Your status quo is your present situation or status. For example, your present situation may be that you are a student presently in secondary school. If you are presently in secondary school,   this is good enough because your being in secondary school means that you still have the chance to become a medical doctor. Being in secondary school means that you are still within the required time to make yourself qualify for a medical degree course at a university of your choice 

Your status quo may alternatively be that you are already in the university setting and, more so, you have started to do medicine as your course of choice. This is better. This means you have less than five years to go through medical school, and one year for internship.

After you have established your status quo, break down your long-term goal of becoming a medical doctor into short term targets. For example, short term goals can be based on what you target to achieve during secondary school, medical school, and eventually all through your internship. 

Since grades matter a lot when it comes to achieving short-term goals, it is, therefore, very important to consider your short-term goal in terms of grades or points you need to earn at each level. For example, you can say:  To be able to become a medical doctor, I will make sure that I score more than 70% during my advanced level of secondary school. And during my university time while in the medical school, I will make sure that I always score more than 60% in each course unit. This for example may become your short-term goals.

Never take your short-term goals for granted because short term goals are what will make you achieve your long-term goal. For instance, your short-term goal as a student may be to always pass exams each term or semester.   However, the long-term goal may be to graduate into a given profession. The two given categories of goals are directly related. Passing your exams as a short-term goal will contribute directly to your becoming a professional medical doctor as your long-term goal strategy

As a strategy, remember also, to formulate your goals correctly, if they mismatch. They will mislead you and it may become very hard for you to achieve them. To keep yourself on track, during the setting of your short-term and long-term goals, try to follow the following standard criteria:

Make sure your goals are specific:  You might say, “I want to be successful during school time.” This is not specific enough because being successful can mean different things to specified people.   What does success mean to you? Success to one student may mean getting the highest mark in class, while to another student it may mean being above the pass mark. So, during goal setting be specific and mean what you want.

Make sure your goals are measurable:  If your goals are measurable this means that you can achieve them because you can check yourself any time if you are on track. For example, if your short-term goal is to get above 60% in any of the subjects before the end of the semester. ‘Before the end of the semester’ as a statement, makes this goal measurable. This is a very important statement because the end of the semester specifies the time frame as your measure.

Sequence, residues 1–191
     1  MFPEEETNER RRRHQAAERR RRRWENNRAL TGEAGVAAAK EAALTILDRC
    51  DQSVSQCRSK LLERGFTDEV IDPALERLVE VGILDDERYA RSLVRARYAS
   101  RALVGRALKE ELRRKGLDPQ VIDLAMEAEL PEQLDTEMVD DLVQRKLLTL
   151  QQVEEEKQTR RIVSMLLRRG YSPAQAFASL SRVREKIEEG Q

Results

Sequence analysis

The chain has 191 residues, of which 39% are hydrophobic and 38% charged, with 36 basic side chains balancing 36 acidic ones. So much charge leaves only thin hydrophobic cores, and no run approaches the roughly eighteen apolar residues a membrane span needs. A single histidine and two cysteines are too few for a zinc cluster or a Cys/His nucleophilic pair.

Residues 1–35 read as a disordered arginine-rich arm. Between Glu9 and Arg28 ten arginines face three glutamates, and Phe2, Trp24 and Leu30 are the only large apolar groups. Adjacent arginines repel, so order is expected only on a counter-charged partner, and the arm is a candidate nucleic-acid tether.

Your goals should never be negative:   Because of life’s worries, we prefer to think in a negative way. Your goal should be something you want rather than something you want to avoid. It is much better to think, for instance, “I want to improve my grades over this year so that I qualify for a scholarship,” than “I don’t want to repeat this class this year”.

Your goals should be Realistic:  Your long-term goals must be realistic and should match with your abilities. Stating, for example, that, “my long-term goal is to become a medical doctor in the next five years,” yet you have not attempted to attend secondary school or done any biological subject, makes this goal unrealistic. This means that you are setting yourself up for failure. You can never become a medical doctor minus knowing human biology, or going through a secondary school first.

After setting your academic goals, decide what goal you have to start with.  This is what we call prioritizing. Prioritizing means that you decide what is most important to you right now. All of your goals are important, but it’s impossible to work on all of them at once. Choose what is most important right now. Focus mainly on that short-term goal that will make you yield immediate results during each term. When you concentrate on the short-term goal, because it is in line with the long-term goal you will be surprised that your long-term goals will automatically be achieved.

If you have really done this, then congratulations! You really are among the 3% of the population who have actually written goals. If you work from there and review them regularly, you could even step into the 1% of the population who do this. The goal setting is done. This can partly make you successful in your studies.